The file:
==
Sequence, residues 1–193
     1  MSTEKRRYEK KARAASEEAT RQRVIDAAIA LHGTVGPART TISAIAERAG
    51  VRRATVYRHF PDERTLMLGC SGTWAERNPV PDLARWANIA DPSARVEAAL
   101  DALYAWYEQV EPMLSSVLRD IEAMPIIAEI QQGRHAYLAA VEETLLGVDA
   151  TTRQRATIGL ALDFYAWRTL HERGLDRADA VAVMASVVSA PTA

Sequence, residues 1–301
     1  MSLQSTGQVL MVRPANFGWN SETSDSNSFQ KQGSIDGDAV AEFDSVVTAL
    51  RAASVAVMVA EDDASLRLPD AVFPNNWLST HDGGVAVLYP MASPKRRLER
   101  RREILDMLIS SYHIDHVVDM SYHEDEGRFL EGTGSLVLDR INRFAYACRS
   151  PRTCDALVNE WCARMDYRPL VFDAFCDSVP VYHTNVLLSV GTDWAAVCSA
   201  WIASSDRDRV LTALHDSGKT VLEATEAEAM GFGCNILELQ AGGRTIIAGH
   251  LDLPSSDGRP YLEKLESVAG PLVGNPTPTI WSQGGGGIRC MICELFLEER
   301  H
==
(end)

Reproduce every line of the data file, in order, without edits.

Sequence, residues 1–193
     1  MSTEKRRYEK KARAASEEAT RQRVIDAAIA LHGTVGPART TISAIAERAG
    51  VRRATVYRHF PDERTLMLGC SGTWAERNPV PDLARWANIA DPSARVEAAL
   101  DALYAWYEQV EPMLSSVLRD IEAMPIIAEI QQGRHAYLAA VEETLLGVDA
   151  TTRQRATIGL ALDFYAWRTL HERGLDRADA VAVMASVVSA PTA

Sequence, residues 1–301
     1  MSLQSTGQVL MVRPANFGWN SETSDSNSFQ KQGSIDGDAV AEFDSVVTAL
    51  RAASVAVMVA EDDASLRLPD AVFPNNWLST HDGGVAVLYP MASPKRRLER
   101  RREILDMLIS SYHIDHVVDM SYHEDEGRFL EGTGSLVLDR INRFAYACRS
   151  PRTCDALVNE WCARMDYRPL VFDAFCDSVP VYHTNVLLSV GTDWAAVCSA
   201  WIASSDRDRV LTALHDSGKT VLEATEAEAM GFGCNILELQ AGGRTIIAGH
   251  LDLPSSDGRP YLEKLESVAG PLVGNPTPTI WSQGGGGIRC MICELFLEER
   301  H